October 1, 2015 | Sarah Robbie, Peer Review Manager

Publishing ethics and the role of the editor


Publishing ethics and ethics misconduct are something that journal editors certainly hear a lot about, whether through direct experience in dealing with misconduct on their journals, or through reading about them more and more in the media. At their core, publishing ethics are guidelines that should be followed by authors, editors, and reviewers to maintain the integrity of the peer review and publication process.

Why are ethics important?

Following ethical guidelines when handling papers for peer review as a journal editor helps ensure that:

  • All papers are treated fairly and without bias during the review process;
  • Investigations into any allegations made about articles, whether under peer review or already published, are conducted in line with industry standards.

Following ethical guidelines also means that when an article is published in a journal, readers can trust that the paper was evaluated thoroughly by editors and independent peer reviewers. They should also have enough information on any conflicts of interest and ethical approval to draw their own conclusions about the results presented in the paper.

Recently, it has seemed that ethics misconduct cases are on the rise. Whether or not this is due to an actual rise in misconduct, or because we are just getting better at uncovering it, editors will almost certainly need to handle an ethics case at some point during their time working on the journal.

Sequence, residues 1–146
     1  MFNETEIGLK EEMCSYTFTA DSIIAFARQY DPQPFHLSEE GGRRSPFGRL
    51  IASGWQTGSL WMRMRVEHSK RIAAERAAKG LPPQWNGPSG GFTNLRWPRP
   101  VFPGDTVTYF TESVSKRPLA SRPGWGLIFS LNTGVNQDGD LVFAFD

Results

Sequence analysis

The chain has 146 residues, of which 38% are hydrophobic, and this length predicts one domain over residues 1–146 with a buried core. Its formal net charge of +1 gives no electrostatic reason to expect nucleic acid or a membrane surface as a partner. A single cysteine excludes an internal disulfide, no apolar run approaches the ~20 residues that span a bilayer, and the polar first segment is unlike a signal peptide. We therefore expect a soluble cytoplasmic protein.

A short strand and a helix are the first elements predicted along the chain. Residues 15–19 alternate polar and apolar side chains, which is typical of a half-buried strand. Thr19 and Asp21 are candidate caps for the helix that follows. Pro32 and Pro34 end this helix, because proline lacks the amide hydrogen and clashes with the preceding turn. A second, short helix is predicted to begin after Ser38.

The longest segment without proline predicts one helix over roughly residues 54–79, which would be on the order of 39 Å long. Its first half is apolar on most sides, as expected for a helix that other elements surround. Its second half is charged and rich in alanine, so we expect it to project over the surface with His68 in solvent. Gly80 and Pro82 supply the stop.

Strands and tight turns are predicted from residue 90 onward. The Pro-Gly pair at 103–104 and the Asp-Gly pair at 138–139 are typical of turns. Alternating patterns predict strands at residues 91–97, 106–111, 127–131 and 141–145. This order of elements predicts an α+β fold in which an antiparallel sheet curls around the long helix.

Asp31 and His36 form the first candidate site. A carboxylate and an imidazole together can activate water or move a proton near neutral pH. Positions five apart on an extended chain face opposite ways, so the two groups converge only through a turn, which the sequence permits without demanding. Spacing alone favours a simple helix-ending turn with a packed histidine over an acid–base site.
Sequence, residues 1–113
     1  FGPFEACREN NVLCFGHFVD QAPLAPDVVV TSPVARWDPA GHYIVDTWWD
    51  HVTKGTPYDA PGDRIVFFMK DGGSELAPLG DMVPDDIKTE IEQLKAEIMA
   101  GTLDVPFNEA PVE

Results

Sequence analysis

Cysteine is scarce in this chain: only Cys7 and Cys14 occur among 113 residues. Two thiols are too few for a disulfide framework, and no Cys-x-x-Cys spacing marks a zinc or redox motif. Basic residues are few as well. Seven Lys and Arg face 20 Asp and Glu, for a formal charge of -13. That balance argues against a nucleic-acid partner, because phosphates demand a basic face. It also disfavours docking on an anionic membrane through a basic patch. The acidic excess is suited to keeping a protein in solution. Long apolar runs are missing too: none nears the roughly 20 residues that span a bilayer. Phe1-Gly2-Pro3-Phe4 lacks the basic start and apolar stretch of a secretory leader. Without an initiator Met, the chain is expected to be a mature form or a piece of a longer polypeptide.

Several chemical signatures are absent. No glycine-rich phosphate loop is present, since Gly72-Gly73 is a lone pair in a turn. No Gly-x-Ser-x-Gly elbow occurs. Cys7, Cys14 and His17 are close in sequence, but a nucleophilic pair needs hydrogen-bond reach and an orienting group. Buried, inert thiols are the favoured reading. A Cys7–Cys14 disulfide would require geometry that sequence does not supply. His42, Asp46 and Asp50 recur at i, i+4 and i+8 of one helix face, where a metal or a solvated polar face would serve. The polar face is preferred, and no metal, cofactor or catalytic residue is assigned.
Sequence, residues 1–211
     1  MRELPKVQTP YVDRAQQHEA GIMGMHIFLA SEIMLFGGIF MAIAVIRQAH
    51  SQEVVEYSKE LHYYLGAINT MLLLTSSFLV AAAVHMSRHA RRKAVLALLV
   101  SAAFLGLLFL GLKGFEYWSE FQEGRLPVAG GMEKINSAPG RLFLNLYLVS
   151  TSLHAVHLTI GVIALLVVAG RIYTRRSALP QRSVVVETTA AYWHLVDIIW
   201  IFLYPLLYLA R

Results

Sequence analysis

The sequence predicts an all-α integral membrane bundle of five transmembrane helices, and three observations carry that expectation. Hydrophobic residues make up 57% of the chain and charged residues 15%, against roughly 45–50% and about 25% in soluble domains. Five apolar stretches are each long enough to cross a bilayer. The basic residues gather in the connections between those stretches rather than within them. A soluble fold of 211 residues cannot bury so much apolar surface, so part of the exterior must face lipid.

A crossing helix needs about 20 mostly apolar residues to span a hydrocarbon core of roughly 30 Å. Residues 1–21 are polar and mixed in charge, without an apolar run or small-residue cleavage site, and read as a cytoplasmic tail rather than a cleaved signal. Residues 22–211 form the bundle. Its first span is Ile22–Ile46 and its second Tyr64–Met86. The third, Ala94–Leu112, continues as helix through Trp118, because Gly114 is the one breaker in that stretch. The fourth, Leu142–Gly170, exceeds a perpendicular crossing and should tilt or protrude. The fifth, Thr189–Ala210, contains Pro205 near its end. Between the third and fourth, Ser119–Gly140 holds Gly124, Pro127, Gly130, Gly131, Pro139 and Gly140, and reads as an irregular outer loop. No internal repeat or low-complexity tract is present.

Some of the most common issues you are likely to face as a journal editor are authorship disputes, allegations of plagiarism and dual submission, allegations of data mishandling/fabrication, and author and reviewer conflicts of interest.

What is the role of the editor in ethics?

All journal editors play a vital role in safe-guarding the integrity of the peer review process and ensuring that all submitted papers get the same treatment during review and publication by following ethical guidelines.

Editors are the first point of contact for a journal and are likely to be alerted first to allegations of misconduct that might have occurred on the journal. If you do receive an allegation of misconduct as an editor, you should contact your Taylor & Francis Managing Editor who will be able to support you through the process of investigating the allegation and contacting any parties involved.

Over the coming weeks we'll be posting articles with guidance and support in dealing with common ethical problems. Check back with Editor Resources for the next article on plagiarism and dual submission.

Published: October 1, 2015 | Author: Sarah Robbie, Peer Review Manager | Category: Ethics and rights, Managing my journal | Tagged with: